Washington, DC – During yesterday’s hearing before the U.S. Senate Committee on Environment and Public works, long-time former Physicians Committee for Responsible Medicine spokes-doctor Jerry Vlasak reiterated his support of murder and other violence against medical researchers whose lifesaving work requires the use of animals. Speaking of scientists who use lab rats in their search for cancer and AIDS cures, Vlasak insisted that if they “won’t stop when told to stop, one option would be to stop them using any means necessary.” Asked by Sen. Frank Lautenberg (D-NJ) if he endorsed the use of deadly force, Vlasak insisted that murder “would be a morally justifiable solution.”
Sen. Lautenberg challenged Dr. Vlasak to disavow his call for the death of “somebody that you don’t know, somebody’s kid, somebody’s parent, somebody’s brother, somebody’s sister” whose family members might be involved in medical research using animal models. Vlasak replied: “These are not innocent lives.”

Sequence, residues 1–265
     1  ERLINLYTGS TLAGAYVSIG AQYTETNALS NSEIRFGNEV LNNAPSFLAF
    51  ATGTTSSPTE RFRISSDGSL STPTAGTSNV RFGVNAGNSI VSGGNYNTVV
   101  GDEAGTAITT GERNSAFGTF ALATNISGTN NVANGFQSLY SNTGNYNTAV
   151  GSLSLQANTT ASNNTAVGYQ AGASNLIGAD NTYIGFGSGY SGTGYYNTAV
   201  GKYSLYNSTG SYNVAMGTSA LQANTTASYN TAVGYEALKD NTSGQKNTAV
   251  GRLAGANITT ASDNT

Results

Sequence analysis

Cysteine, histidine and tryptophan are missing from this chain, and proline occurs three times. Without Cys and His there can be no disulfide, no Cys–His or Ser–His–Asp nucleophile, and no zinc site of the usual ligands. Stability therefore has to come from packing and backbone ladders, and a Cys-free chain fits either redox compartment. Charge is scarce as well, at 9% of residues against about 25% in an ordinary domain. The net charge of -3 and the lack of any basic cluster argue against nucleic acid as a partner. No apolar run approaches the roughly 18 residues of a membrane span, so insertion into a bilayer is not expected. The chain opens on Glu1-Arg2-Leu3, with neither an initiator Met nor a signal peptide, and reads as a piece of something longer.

Jerry Vlasak was defending his 2003 statement (made as a Physicians Committee for Responsible Medicine spokesperson) that political assassination against doctors and other laboratory researchers “could be used quite effectively from a pragmatic standpoint … for 5 lives, 10 lives, 15 human lives, we could save a million, 2 million, 10 million non-human lives.” Great Britain has banned Vlasak and his wife (former child actress Pamelyn Ferdin) because of this and other threats.
David Martosko, the Center for Consumer Freedom’s Director of Research, issued the following statement in response to Dr. Vlasak’s disturbing testimony:
“Jerry Vlasak is one of the most outspoken supporters of animal-rights terrorism. He should be regarded as a legitimate danger to others. He should also forfeit his license to practice medicine.
“Sadly, Dr. Vlasak is just one cog in a large animal-rights machine aligned against scientists who work tirelessly to cure cancer, AIDS, and other dreaded diseases. Most Americans understand that the needs of sick women and children should come before the interests of lab rats. But Jerry Vlasak and his friends in the animal rights movement enthusiastically approve of violence and intimidation to communicate their disagreement. There’s no excuse for this behavior, whether it comes from a self-styled moral crusader like Jerry Vlasak, a misanthropic college professor like the University of Texas El Paso’s Steven Best, or a shadowy group of masked criminals like SHAC.”